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Dr. Julius R. Mantey and the Watchtower Bible & Tract Society
|The New World Translation of
the Christian Greek Scriptures (NWT) was first published in
1950. Ever since that time, its controversial rendering of John
1:1c as "And the Word was a god" has become a lightening rod
for criticism from a variety of sources. Many critics initially
responded that the NWT translation of John 1:1 was "grammatically
impossible." This criticism was based largely on a
misunderstanding of "Colwell's Rule" (for a summary of
Colwell's Rule and its application to John 1:1, click here).
Others responded that the NWT translation is unlikely from a grammatical
standpoint, and unacceptable contextually and when viewed in light of
other Scriptures. (Click here
for a review of recent scholarship on John 1:1c).
The Watchtower responded to its critics by publishing an appendix with its Kingdom Interlinear Translation of the Greek Scriptures (1969) and later including it with the NWT (1971). This appendix lists several noted Greek scholars who appear to support the Watchtower's rendering of John 1:1.
One of the scholarly works cited is A Manual Grammar of the Greek New Testament by H.E. Dana and Julius R. Mantey. At the time, the Dana Mantey grammar was the most widely-used first-year Greek Grammar in the world; it is still in print and is used by many beginning Greek students at Bible Colleges and Seminaries in the United States, the United Kingdom, and Canada.
The citation by the Watchtower reads as follows:
Michael Van Buskirk of the Christian Apologetics: Research and Information Service (CARIS) wrote to Dr. Mantey (Dr. Dana had died), asking him if he had been quoted accurately by the Watchtower. Dr. Mantey replied in a letter dated February 25, 1974. It read:
Thus, one of the authors of the Grammar the Watchtower used in defense of its translation says that he was quoted out of context and was not even discussing what it quoted him as affirming. Read in context, Dr. Mantey's comments about the "parallel" cases refer to two specific points about copulative sentences:
Dr. Mantey's comments have nothing to do with the semantic force of
the predicate. Instead, he asserts
that John 1:1c is not convertible (since THEOS lacks the article), and
so THEOS and LOGOS are not 100% equivalent. That's it. He quotes the PN
in John 1:1c and Anabasis, not to advocate an indefinite force for the
anarthrous noun, but to demonstrate *how* the two examples are *not*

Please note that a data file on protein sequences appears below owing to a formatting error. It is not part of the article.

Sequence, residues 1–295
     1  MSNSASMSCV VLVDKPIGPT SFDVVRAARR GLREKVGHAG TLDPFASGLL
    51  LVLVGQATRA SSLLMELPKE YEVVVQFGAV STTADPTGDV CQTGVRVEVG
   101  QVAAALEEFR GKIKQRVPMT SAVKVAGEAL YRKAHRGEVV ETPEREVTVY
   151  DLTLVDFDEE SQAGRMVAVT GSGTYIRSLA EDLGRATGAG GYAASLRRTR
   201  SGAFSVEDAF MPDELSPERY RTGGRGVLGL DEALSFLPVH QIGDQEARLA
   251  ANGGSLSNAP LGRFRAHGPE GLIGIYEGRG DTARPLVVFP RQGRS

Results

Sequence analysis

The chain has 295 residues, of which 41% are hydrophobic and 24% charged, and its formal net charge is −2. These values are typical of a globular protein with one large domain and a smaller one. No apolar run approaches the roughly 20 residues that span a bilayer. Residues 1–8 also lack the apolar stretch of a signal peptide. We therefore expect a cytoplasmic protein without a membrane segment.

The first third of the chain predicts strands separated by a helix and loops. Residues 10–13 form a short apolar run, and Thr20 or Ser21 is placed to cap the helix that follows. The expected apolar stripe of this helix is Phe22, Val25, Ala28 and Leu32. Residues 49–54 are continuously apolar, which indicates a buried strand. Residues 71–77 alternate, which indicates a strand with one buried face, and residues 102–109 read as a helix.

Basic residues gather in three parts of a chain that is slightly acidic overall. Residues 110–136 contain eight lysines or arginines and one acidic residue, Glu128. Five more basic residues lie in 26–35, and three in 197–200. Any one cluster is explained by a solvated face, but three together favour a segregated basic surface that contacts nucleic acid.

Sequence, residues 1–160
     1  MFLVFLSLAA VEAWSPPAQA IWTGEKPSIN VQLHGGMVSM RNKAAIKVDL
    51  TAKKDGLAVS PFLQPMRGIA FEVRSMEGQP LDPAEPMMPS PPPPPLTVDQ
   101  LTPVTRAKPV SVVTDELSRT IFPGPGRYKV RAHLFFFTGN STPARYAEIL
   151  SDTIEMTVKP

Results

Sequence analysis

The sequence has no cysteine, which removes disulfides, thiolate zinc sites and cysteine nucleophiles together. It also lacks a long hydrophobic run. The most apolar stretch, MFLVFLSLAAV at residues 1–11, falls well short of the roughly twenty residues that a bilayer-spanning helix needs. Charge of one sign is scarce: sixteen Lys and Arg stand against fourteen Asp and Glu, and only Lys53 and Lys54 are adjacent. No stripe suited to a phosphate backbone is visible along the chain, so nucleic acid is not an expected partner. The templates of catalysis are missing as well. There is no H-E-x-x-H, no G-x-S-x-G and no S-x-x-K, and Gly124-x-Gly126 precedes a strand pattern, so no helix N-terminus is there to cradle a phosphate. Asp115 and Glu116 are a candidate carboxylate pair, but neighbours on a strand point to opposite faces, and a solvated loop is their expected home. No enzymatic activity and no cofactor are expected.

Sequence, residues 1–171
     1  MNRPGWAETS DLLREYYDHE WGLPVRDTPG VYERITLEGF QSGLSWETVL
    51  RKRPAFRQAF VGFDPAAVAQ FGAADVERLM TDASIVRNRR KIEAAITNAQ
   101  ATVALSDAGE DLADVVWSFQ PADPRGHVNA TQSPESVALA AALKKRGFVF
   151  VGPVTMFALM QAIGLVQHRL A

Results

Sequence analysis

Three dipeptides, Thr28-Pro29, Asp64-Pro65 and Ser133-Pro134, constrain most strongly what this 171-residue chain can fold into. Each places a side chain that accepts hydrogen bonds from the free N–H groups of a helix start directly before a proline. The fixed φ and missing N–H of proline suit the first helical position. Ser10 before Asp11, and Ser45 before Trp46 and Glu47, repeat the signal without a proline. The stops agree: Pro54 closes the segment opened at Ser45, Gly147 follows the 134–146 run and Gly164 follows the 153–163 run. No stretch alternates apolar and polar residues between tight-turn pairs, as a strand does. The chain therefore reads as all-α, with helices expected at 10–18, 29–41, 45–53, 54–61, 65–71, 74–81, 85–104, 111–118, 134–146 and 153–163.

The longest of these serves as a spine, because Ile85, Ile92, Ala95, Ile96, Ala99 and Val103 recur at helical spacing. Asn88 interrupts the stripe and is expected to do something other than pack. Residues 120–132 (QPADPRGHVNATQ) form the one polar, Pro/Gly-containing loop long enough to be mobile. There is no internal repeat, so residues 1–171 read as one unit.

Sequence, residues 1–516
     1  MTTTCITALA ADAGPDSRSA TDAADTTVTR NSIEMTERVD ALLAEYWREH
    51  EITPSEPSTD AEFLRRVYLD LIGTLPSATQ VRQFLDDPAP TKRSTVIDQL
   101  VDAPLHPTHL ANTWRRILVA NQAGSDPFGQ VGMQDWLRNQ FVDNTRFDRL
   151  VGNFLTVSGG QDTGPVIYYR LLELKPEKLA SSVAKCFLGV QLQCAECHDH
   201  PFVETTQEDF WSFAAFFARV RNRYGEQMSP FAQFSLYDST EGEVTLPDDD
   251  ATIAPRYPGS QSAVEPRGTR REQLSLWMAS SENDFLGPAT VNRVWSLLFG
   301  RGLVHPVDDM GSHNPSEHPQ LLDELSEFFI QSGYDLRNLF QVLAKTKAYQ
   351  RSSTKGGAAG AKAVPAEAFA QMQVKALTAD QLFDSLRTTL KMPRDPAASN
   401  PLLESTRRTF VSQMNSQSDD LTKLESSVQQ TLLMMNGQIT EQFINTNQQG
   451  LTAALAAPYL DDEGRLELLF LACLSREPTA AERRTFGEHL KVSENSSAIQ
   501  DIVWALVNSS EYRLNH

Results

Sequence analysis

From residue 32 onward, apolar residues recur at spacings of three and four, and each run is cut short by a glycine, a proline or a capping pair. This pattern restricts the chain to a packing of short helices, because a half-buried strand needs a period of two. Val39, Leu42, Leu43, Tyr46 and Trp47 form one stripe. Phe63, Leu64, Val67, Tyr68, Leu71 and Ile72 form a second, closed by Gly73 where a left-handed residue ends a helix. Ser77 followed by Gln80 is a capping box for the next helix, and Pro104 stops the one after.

It is possible that the Watchtower made an honest mistake. In its zeal to find scholarly justification for its rendering of John 1:1, the words "parallel case" and the indefinite predicate (a market) may have appeared to give the Society exactly what it was looking for. However, when informed that the author of the Grammar believed himself to be quoted inaccurately and out of context, and when the author himself notified the Society of this fact, one would have hoped that honesty (or at least simple courtesy) would have persuaded the Watchtower to cease using the Manual Grammar as scholarly support for its translation; however, such is not the case.
The Society, instead, has chosen to justify its use of the Manual Grammar by arguing that it provides a grammatical basis for their translation after all, and Dr. Mantey's objections are not appropriate. This "stonewalling" tactic merely demonstrates the lack of true scholarly support for the Watchtower's translation. If their translation were as well supported by scholars as the Society would wish its members to believe, why not simply stop quoting Dr. Mantey and substitute a noted scholar who wholeheartedly endorses the NWT translation? By clinging to out-of-context quotations from scholars who do not actually support the NWT rendering, the Watchtower and its defenders prove they have little else to make their case. But beyond the lack of true scholarly support, the continued attempts to make scholars like Dr. Mantey say something other than what they mean calls into serious question the ethical foundation of the Watchtower itself. One would think that in an effort to "be above reproach" (Philippians 2:14-16), the Society would seek diligently to quote scholars accurately and provide adequate context so readers might know precisely what was being said. Instead, we find repeated examples of scholarly citations that are misleading, to say the least. One must wonder why the Society must mislead to proclaim what it believes to be the truth, and then to present itself as persecuted when its faults are brought into the open.
1. The fallacy of drawing an affirmative conclusion from a negative premise may be illustrated as follows:
Mickey Mouse and Felix are parallel in the sense that both are not dogs. But it is illogical to conclude that because Felix is a cat, Mickey Mouse must also be a cat. This is essentially what the WT has done:
The passage from Anabasis and John 1:1c are parallel in the sense that both are not convertible. But it is not logically sound to conclude that because Mantey translates "market" with the indefinite article, "God" must be so translated.
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